On a high note 

Colorado Springs Philharmonic looks ahead

click to enlarge Colorado Springs Philharmonic Conductor Lawrence - Leighton Smith feels like a blooming lotus flower. - JANE MCBEE
  • Jane McBee
  • Colorado Springs Philharmonic Conductor Lawrence Leighton Smith feels like a blooming lotus flower.

Meeting with a conductor after a performance is always a dicey proposition.

Last Saturday night, however, Colorado Springs Philharmonic Music Director and Conductor Lawrence Leighton Smith was beaming, euphoric from the orchestra's exceptional performance, audience receptivity and this past season overall.

"That was a lot of notes," he said, smiling, "and we hit them all."

The concert opened with a strong presentation of Bedrich Smetana's Overture to "The Bartered Bride" and was followed by Eduard Lalo's "Symphonie Espagnole" for Violin and Orchestra, featuring concertmaster Michael Hanson.

In a poignant moment following intermission, the orchestra bid farewell to longtime principal tuba, Kelly Okamoto, who recently passed away after a six-year battle with cancer. The solitary spotlight on Okamoto's chair, adorned with flowers, was coupled with a moving testament given by principal timpanist Peter Cooper.

"The orchestra played their hearts out tonight," said Smith. "We are continuing to improve artistically, and I am looking forward to playing many more seasons together."

As the Philharmonic wraps up its second season on an artistic high, the business side of the operation has some work ahead.

Executive Director Susan Greene and her fellow board members are pounding the fund-raising pavement in an effort to balance the budget. The organization recently received an anonymous $30,000 gift that must be matched by May 31, the end of the fiscal year.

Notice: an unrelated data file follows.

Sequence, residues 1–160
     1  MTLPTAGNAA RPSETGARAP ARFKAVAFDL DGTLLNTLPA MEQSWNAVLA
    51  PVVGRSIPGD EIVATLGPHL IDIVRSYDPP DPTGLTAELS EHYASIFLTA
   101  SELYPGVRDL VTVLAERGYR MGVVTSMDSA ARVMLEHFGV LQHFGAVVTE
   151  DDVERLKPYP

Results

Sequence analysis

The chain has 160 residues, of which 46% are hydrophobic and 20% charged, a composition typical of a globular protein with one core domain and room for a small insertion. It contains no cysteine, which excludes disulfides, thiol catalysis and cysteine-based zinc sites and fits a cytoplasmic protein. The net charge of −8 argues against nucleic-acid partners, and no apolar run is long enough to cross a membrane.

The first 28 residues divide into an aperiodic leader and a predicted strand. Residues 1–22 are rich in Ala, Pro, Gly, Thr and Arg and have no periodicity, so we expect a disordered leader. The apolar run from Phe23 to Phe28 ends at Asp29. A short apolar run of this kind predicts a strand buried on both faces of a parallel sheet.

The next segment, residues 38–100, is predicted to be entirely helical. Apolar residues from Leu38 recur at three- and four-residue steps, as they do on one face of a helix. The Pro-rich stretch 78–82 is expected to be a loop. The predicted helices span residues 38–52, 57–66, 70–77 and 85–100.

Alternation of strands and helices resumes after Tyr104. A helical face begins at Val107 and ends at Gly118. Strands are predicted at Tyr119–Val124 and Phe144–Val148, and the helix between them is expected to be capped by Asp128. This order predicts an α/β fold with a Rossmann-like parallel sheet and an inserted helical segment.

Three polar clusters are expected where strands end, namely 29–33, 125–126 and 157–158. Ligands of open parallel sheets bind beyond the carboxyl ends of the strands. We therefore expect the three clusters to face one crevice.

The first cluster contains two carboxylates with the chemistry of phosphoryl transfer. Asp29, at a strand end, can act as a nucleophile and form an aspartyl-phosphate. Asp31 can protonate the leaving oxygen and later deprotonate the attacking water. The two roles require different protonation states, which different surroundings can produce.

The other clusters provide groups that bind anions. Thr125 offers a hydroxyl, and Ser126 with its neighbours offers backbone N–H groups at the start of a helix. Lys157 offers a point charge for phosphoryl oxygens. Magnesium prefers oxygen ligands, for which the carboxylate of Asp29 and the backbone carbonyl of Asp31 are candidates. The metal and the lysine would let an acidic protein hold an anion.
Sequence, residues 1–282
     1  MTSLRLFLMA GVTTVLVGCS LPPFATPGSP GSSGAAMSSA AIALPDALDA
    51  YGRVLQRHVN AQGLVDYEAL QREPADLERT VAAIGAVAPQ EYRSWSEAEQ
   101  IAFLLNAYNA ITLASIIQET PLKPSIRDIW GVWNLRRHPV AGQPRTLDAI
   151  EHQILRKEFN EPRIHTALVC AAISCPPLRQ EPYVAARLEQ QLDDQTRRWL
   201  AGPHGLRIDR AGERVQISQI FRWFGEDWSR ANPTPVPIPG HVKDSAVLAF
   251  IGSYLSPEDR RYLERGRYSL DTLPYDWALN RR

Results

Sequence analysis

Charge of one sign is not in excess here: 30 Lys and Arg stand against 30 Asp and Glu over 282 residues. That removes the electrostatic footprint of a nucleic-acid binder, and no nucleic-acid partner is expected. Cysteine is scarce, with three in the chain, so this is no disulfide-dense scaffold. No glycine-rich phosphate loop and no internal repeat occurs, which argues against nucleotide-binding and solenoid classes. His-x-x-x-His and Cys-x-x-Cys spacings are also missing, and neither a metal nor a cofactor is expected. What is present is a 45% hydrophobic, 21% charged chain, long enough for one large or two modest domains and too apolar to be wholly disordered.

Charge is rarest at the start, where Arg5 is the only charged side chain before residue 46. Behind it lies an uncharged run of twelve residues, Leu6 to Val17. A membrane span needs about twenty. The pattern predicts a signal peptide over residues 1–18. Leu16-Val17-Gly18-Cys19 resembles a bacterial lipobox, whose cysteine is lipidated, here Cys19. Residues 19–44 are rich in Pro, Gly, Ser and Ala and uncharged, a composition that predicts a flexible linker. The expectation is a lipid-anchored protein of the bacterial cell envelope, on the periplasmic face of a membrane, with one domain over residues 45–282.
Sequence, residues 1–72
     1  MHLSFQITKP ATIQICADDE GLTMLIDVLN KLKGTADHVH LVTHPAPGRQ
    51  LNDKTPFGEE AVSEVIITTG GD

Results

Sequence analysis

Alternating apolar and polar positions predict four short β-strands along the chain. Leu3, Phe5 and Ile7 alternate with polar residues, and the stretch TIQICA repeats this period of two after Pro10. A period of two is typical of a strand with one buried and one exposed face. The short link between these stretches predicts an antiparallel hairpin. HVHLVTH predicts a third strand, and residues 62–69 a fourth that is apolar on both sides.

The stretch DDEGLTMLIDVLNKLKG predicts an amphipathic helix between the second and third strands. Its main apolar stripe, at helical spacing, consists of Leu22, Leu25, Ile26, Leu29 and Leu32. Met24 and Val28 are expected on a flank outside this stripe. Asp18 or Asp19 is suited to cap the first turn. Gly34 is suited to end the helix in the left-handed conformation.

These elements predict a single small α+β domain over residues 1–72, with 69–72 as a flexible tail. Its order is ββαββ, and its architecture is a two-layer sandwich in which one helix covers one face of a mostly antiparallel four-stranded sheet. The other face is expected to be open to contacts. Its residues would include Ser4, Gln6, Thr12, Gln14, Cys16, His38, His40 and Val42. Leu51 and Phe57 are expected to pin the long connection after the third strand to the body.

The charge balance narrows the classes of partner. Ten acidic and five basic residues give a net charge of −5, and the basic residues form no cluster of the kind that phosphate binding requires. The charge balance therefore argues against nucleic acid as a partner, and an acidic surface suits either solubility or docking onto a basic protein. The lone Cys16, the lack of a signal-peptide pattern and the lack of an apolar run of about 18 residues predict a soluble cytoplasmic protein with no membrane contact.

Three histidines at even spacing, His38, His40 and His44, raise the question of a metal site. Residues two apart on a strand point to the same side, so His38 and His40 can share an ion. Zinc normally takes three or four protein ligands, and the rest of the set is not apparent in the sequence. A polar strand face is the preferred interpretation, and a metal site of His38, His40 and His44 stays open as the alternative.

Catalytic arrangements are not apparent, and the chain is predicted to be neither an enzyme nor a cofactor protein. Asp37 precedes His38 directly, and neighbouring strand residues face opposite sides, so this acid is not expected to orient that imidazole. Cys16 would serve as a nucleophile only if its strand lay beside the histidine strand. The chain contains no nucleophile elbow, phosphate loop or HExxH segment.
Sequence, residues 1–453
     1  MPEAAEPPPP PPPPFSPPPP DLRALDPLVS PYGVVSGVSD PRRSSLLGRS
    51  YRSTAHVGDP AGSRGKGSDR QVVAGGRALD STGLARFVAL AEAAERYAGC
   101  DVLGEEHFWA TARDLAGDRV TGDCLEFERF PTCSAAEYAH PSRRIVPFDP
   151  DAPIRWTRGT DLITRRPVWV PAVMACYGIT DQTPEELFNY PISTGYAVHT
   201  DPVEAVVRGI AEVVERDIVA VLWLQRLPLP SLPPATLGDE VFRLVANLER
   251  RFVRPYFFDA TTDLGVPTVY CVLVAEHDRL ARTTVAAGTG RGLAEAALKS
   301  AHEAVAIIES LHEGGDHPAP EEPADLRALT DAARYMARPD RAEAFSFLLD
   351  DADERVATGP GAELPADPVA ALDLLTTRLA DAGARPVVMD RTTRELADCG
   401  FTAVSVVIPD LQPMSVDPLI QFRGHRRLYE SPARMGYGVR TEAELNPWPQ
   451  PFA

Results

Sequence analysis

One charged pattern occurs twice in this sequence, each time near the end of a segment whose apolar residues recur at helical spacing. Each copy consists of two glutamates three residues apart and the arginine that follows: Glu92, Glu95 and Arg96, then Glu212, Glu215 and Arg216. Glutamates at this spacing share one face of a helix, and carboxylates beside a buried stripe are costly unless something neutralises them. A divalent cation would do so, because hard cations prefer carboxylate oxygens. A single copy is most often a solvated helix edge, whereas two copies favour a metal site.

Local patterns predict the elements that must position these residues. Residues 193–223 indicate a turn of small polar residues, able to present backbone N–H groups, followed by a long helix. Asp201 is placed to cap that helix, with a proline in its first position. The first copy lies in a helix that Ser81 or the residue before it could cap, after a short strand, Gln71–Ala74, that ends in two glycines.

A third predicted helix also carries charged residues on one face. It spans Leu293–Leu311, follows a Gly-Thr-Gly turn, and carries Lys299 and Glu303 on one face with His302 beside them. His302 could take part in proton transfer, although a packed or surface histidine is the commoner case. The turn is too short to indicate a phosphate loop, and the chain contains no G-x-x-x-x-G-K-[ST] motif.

"Things have gone very well this year," Greene said. "We knew that the second year of operation would be more financially difficult, as some of the startup monies were one-time gifts. We had close to $400,000 to replace based on the loss of the one-time startup donations, and we are gradually making up this ground.

"We have held the line on expenses," she continued, "and [we] are committed to not incurring any debt -- so if we can't afford a project, we don't do it."

The Philharmonic will enter into contract negotiations next season, as its existing contract expires in April 2006. And the board is expected to increase its membership, which will aid in overall fund-raising efforts.

Ultimately, both Greene and Smith would like to see the organization grow, but "growth only with a clear indication that there is room for expansion," Greene said.

"We are not overextending ourselves in any way -- financially or with offerings. All elements have to buy into it: the board, musicians and the community."

Relationships with the musicians continue to be positive, Greene assures.

"We're a team," she added.

Following last weekend's season wrap-up, Smith appeared to concur.

"I am so happy," he said. "I love being here, working with the musicians, my life, my wife. I am a lotus flower in bloom."

That sentiment was easily confirmed by one of the many visitors to Smith's backstage dressing room who dropped in to say, "We're so glad you and the orchestra are here. Thank you so much for tonight."

-- Carolyn Carroll


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